The Nuggets regrouped, and the Bucks fell apart in Game 4, which produced the series' fourth blowout—118-104—and Denver's third victory. For the first time Thompson became a major factor, scoring 34 points. His performance included a 180-degree, behind-the-head dunk that was worth considerably more than the $4.28 he will be earning for every second he plays in coming seasons.
So it was back to Denver for what figured to be the clincher Friday night. The Nuggets were loose and confident. The Bucks were demoralized, and they were 0-6 in games at McNichols Arena. "What do we have to lose?" said Johnson, one Buck who was not down at the mouth. "I'm just going to have fun."
Johnson's depressed teammates mostly watched as he frolicked in the first half, single-handedly keeping Milwaukee in the game with 18 points and 13 rebounds. The Nuggets threatened to break the game open several times; especially when Thompson opened the fourth quarter with a gravity defier. As Ralph Simpson threw a pass toward a Coors vendor in Section 18, Thompson rose like a Titan missile, caught the ball in one hand and zinged it through the twine. A moment later Johnson went to the bench with 30 points, 16 rebounds and five fouls. Denver led 94-84.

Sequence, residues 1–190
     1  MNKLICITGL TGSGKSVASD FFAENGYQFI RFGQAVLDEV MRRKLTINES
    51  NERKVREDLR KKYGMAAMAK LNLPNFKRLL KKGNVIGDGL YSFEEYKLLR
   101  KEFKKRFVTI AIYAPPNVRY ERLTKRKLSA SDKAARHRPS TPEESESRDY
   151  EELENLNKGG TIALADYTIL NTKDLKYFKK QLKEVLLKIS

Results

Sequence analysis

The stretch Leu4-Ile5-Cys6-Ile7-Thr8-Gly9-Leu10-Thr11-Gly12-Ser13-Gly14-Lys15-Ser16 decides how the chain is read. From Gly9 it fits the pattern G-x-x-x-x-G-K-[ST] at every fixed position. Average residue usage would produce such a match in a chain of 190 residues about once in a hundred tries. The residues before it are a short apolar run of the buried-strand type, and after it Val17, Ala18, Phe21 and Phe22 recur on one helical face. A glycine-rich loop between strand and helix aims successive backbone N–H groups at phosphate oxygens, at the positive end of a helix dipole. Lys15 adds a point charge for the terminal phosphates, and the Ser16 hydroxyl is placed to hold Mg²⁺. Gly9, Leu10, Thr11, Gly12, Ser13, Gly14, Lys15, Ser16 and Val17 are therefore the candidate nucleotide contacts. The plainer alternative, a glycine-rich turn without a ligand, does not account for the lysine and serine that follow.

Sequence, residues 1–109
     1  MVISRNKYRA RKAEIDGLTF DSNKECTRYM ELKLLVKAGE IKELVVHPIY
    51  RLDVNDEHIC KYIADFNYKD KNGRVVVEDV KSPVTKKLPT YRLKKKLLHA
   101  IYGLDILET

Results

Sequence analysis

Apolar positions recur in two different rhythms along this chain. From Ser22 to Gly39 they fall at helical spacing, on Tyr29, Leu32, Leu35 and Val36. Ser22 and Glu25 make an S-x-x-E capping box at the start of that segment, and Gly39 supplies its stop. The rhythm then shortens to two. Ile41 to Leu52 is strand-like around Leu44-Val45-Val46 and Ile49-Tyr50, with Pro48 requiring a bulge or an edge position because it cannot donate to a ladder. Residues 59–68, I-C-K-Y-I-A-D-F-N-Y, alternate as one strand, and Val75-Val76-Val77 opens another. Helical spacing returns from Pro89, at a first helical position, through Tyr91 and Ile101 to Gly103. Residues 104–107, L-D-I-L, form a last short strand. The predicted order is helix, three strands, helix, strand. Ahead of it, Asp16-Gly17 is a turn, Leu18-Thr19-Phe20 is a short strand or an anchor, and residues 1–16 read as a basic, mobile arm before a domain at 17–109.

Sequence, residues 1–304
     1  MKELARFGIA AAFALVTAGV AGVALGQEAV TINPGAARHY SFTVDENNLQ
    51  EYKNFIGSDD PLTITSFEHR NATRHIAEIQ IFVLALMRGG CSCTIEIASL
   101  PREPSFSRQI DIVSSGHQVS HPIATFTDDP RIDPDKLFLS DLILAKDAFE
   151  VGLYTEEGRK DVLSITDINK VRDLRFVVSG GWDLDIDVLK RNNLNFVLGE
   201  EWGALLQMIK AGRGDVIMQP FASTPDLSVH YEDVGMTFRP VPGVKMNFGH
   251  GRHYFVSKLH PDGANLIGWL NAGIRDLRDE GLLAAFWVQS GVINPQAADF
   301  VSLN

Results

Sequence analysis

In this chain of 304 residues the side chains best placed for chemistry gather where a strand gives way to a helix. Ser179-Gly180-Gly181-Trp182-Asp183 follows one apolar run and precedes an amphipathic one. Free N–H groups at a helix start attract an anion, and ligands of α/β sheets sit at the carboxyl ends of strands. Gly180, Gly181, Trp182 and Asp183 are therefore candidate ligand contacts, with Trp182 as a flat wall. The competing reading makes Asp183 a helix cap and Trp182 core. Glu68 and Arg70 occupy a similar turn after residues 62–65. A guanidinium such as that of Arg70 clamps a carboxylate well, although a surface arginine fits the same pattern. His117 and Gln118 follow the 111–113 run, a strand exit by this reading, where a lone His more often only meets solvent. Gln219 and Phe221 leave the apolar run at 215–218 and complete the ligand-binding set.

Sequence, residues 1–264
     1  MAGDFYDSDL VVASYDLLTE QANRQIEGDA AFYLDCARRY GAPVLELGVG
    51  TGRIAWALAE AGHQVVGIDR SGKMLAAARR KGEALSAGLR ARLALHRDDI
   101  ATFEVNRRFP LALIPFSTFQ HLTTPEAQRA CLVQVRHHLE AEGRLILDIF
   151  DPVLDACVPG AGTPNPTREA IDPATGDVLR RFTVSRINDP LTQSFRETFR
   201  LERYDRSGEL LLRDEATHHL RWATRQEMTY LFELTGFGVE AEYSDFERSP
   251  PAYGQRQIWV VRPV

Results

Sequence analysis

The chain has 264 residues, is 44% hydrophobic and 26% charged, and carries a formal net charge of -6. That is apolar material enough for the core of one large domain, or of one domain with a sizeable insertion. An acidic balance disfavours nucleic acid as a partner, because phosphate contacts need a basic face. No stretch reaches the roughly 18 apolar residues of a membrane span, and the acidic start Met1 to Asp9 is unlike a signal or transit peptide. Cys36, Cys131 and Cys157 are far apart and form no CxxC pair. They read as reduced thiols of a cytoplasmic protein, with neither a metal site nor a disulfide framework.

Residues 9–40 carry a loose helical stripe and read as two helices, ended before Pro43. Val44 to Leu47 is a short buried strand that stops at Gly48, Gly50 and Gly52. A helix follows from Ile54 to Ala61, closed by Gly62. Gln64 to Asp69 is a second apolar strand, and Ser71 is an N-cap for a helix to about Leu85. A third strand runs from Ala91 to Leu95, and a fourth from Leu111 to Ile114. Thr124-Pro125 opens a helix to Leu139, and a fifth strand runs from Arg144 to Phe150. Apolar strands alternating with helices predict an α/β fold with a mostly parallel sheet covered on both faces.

But Winters, who shot 1-for-4 in the first half, poured in 13 fourth-quarter points, and Johnson returned to score four more in the clutch. Meanwhile, the Nuggets—particularly Issel, who played the entire series virtually without relief, and Thompson, who had 23 points, but only two in the last 6:30—turned to lead. The Bucks, who apparently did not know that no one wins in Denver but the Nuggets, came away 117-112 victors.
As Lloyd Walton, whose two free throws had iced the win, chanted, "Too young to die, Lawd, Too young to die!"
The Bucks certainly proved that Sunday, but not before Thompson committed an egregious turnover by missing the team plane to Milwaukee on Saturday. This left Brown, already upset with Thompson's performance and aloofness the previous week, perplexed, if not downright livid. But by game time Thompson seemed to be his old self, scoring 13 points in the first quarter. Then it appeared as if all the Nuggets had missed the plane. The Bucks erupted, just as they had the week before in Game 3, and Denver did nothing to stop them the rest of the way.
In a 2½-minute stretch in the first half, waves of Bucks outscored the Nuggets 25-4 to build a 19-point lead, and at one point Milwaukee was ahead by 38. Thompson finished with 28, but Issel was invisible, getting one basket and six rebounds. Johnson was again magnificent with 17 rebounds, 16 points and nine assists. Seven other Bucks scored in double figures.
In the locker room, Brown choked back tears. "They should have an isolation booth for you to sit in when you get blown out like this," he said. "We just have to regroup and circle the wagons." He used exactly the same words each of the last three seasons when Denver's back was to the wall in the playoffs. Each time the Nuggets lost.